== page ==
A new year starts tomorrow and that means it's an opportunity for a new start on a variety of lifestyle choices you may have been thinking about changing.
For people who smoke, the new year may be enough to give a kick-start to quitting and committing to a healthier life.
The First District Health Unit in Minot will be offering their Kick Start Tobacco Quit Class on Thursday at 6:30 p.m. at the First District Health Unit. It's a one-session "crash course" designed to give people the information, motivation and tools needed to quit smoking or chewing tobacco. The class is offered free of charge and is confidential.
In this submitted photo, two adolescent girls are shown smoking. The First District Health Unit in Minot is offering their Kick Start Tobacco Quit Class on Thursday for people who want to quit smoking or chewing tobacco.
Bonnie Riely, tobacco cessation coordinator at First District Health Unit, said the class is offered on the last Thursday of each month and there will also be another session of Kick Start Tobacco Quit Class offered on Jan. 30.
"It's a really good time because people are wanting to be healthy in the new year," she added. "It's the time of year when people think about being healthy."
Also, if people aren't ready to quit smoking at the beginning of the month, there's another session at the end of the month, Riely said.
At the Kick Start Tobacco Quit Class, new medications that are available will be discussed, as well as options that help with smoking cessation that people don't know about, Riely said. There will also be mention of ND Quits, a web-based, telephone and mobile program that provides counseling and support options. ND Quits can also include a two-month supply of nicotine replacement products.
"Quitting smoking is so stressful that it's really important for people to have support," Riely added.
Other topics that will be discussed in the session will include education on smoking cessation, an introduction to the ND Quits program, triggers that keep people using tobacco, slips and relapses, education about the addiction process and skills to conquer tobacco addiction.
"Tobacco is usually the first addiction people have and the last one they let go of," Riely said. "It's so addictive. Smoking is more addictive than cocaine or heroin."
One topic Riely wanted to touch on is that electronic cigarettes are not a cessation aid and have no regulation on what may be in them. If people are trying to quit smoking, she added, they need to come to the class instead of smoking electronic cigarettes.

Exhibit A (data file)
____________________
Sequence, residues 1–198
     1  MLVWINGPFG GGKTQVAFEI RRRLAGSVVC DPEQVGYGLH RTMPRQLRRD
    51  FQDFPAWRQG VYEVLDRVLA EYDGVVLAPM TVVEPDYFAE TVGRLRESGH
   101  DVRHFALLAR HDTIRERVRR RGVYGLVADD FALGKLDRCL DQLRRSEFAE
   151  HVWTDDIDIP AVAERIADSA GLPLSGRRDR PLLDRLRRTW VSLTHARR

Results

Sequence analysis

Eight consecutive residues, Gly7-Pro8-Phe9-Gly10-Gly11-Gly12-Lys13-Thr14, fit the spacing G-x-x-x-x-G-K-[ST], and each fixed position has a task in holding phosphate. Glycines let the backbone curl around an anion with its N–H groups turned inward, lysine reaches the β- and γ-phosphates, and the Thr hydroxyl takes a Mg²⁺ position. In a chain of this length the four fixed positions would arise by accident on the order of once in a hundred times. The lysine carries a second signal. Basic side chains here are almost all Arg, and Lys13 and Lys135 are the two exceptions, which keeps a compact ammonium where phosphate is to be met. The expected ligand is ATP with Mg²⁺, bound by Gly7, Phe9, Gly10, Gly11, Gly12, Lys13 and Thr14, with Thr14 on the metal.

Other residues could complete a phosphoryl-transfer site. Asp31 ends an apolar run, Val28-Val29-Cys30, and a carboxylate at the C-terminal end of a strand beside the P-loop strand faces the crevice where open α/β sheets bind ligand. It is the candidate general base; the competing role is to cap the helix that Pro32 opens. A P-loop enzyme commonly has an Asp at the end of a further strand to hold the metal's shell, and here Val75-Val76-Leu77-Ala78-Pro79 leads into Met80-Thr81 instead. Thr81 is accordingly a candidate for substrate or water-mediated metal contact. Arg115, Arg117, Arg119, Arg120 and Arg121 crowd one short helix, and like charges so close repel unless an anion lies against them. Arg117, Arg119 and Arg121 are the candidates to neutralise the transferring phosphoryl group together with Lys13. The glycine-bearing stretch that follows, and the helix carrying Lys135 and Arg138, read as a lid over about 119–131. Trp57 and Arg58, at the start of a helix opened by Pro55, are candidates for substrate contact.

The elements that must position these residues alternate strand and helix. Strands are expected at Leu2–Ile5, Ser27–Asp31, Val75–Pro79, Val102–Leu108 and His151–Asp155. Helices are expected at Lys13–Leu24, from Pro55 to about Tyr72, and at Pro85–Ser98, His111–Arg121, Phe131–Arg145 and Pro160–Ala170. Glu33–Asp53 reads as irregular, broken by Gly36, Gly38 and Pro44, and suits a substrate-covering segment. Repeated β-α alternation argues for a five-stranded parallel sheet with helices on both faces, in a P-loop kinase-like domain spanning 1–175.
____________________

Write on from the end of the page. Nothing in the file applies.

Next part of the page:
Electronic cigarette use doubled in middle and high school age kids and adult smokes from 2011 to 2012, Riely said. Electronic cigarettes are also expensive, they fall apart, you don't know what's in them and the long-term side effects will take decades to come out, she continued.
Attendance at the Kick Start Tobacco Quit Class typically depends on the season, Riely said. Nine people have already signed up for the session at the Washburn clinic on Jan. 7, she added. The Kick Start Tobacco Quit Class has been offered for the past five years.
People who have attended the session in the past have had good success with it, Riely said, but sometimes it takes more than one time.
"It's so wonderful to see people be successful and have a healthy, long life," she added.
Some of the tools needed in order to quit smoking include medication and support. Riely said people should plan ahead for two weeks because they will want to clean their house and car before quitting so that it doesn't cause a trigger effect. People will also want to drink a lot of water in order to get all of the toxins out of their body, she added. "But medicine and support are a big deal."
A person quitting smoking will have to change his or her lifestyle, Riely said. The person will have to think of what he or she will do differently if the behavior is to smoke a cigarette and drink a cup of coffee in the morning, she continued.
On a personal note, Riely said that when she was a smoker, she started experiencing sharp chest pains and wheezing, but didn't want to blame those symptoms on smoking. Once she quit, though, those symptoms disappeared.
"I like the freedom after I quit," she added. "It took awhile, but I have a completely healthier lifestyle."
Everyone is different in their motivation for quitting smoking, Riely said, with a lot of it having to do with their children or grandchildren and their health.
"A lot of times it takes something serious like having a heart attack or stroke before quitting," she added. "But it's never too late to quit, even if you have chronic obstructive pulmonary disease."